And what a beautiful place it is. Don't get me wrong, I love Paris. The history, the beauty, the culture and the food, is all exquisite. I cannot think of many cities that could rival what Paris has to offer, which quite frankly, is everything. In spite of this, or maybe because of it, the things I love about Paris have highlighted the things I love about Seattle. The tiny cups of espresso on sidewalk cafe tables call back visions of large, white paper cups warming hands each morning; the even and elaborately-designed buildings send my mind to bunches of evergreens peeking over houses' rooftops; dozens of bridges over the calm Seine bring the sound of rushing rivers from the dark grey mountains lining every horizon; the finely-dressed people make my heart yearn for flannel, Vans sneakers and crew-neck sweatshirts; the people's eyes staring straight ahead with a such a strong sense of purpose splashed across the surrounding face spark wishes for the laid-back, friendly vibe of a smile and a hug, when the response to the question "What should we do today?" is just not that important. We'll figure it out as we go.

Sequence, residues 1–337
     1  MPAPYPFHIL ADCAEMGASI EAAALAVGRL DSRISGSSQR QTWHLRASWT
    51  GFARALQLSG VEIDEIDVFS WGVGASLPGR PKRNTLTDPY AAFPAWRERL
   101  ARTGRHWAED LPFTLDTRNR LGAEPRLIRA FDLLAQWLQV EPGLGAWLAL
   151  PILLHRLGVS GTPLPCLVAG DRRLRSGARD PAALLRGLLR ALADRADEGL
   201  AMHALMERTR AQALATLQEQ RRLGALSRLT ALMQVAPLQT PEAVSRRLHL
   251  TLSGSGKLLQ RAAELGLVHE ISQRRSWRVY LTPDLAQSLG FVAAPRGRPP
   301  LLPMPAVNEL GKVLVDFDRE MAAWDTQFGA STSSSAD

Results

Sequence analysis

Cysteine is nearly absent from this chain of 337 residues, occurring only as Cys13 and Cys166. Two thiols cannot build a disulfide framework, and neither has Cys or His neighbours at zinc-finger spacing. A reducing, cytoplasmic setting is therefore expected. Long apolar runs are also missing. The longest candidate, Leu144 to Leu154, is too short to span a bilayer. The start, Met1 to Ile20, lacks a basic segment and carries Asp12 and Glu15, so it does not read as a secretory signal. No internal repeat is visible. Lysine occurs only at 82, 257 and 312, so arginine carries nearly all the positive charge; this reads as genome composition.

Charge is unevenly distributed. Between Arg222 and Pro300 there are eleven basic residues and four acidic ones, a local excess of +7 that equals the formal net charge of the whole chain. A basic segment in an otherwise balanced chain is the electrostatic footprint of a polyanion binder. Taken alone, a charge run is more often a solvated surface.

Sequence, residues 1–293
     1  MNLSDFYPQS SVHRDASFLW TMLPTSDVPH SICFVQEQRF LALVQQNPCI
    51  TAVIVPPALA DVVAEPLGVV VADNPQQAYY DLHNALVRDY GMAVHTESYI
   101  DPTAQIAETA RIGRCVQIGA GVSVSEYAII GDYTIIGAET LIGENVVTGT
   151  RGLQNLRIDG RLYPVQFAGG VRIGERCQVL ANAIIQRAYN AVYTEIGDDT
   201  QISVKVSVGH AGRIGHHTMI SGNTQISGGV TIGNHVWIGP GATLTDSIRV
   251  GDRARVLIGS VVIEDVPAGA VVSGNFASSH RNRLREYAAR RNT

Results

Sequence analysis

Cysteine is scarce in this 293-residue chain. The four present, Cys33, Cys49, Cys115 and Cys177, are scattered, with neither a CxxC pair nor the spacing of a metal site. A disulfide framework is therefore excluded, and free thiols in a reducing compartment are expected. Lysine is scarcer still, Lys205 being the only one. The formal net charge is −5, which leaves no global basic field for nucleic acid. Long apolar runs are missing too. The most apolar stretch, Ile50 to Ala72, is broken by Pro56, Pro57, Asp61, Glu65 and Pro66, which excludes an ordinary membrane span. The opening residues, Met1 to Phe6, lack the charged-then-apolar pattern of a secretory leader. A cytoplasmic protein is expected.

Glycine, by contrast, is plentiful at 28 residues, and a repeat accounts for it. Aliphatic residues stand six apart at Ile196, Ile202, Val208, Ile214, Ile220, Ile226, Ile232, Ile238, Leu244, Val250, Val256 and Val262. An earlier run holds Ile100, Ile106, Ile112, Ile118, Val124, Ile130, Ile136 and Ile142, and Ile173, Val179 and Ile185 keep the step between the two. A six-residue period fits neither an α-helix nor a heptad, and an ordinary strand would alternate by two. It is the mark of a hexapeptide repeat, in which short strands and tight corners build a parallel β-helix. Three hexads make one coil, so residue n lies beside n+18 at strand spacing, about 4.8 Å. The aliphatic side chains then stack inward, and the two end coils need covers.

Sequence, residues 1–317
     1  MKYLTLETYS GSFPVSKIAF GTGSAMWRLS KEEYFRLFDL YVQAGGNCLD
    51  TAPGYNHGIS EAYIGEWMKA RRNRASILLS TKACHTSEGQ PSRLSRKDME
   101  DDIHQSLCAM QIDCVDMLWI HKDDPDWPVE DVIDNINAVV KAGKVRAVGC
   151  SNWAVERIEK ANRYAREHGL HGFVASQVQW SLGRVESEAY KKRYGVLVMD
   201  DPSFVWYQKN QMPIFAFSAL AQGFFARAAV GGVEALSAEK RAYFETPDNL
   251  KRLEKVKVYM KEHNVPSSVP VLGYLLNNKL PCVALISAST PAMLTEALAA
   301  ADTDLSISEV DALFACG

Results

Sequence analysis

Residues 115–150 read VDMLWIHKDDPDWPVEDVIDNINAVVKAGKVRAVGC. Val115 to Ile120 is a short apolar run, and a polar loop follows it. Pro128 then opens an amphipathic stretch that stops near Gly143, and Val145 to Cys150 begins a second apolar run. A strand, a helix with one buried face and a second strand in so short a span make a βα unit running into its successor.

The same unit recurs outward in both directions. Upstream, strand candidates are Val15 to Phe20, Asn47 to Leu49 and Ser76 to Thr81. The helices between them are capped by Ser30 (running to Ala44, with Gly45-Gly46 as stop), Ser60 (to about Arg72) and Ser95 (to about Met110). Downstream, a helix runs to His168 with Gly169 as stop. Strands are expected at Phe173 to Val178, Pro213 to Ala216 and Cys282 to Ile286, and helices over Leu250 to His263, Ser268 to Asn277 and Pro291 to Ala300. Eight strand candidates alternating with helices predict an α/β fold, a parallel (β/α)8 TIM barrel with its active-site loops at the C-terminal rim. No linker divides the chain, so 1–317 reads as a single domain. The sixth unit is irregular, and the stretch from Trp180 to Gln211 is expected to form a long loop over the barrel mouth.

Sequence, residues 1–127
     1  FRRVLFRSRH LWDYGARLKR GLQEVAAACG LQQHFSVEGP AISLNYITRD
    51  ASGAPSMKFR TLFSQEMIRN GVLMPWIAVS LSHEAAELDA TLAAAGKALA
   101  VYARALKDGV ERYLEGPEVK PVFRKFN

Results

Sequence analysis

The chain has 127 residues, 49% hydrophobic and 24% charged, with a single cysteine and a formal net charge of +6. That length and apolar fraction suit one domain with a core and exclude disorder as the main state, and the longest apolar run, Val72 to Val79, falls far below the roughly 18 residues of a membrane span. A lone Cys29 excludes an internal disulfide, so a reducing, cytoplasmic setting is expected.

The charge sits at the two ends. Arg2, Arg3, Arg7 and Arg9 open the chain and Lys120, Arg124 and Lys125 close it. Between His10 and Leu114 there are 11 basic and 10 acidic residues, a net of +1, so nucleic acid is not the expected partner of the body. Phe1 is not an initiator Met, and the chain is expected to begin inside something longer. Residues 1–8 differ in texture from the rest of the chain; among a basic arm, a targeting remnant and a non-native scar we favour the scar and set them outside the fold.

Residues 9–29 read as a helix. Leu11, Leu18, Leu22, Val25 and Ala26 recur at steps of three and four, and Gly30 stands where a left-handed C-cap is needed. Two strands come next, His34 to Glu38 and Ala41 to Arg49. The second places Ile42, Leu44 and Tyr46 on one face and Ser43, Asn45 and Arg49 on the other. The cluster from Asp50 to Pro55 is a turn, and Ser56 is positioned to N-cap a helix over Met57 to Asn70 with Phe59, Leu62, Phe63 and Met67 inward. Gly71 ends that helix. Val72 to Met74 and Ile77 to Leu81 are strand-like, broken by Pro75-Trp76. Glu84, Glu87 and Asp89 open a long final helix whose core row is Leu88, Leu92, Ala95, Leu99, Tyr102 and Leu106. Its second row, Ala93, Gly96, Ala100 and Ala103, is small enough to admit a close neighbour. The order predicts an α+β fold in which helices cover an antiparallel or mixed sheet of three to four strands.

I cannot compare the two places, it would be impossible. I cannot call one better than the other, it just wouldn't be fair. The beauty of each city is so unique and its culture so different I would be moving backwards in my quest toward cultural competence if I made any judgments whatsoever. All I know is when I see the Eiffel Tower, I have the Space Needle in the back of my mind. What I know is that while falling in love with one city, I'm rediscovering my fondness for another.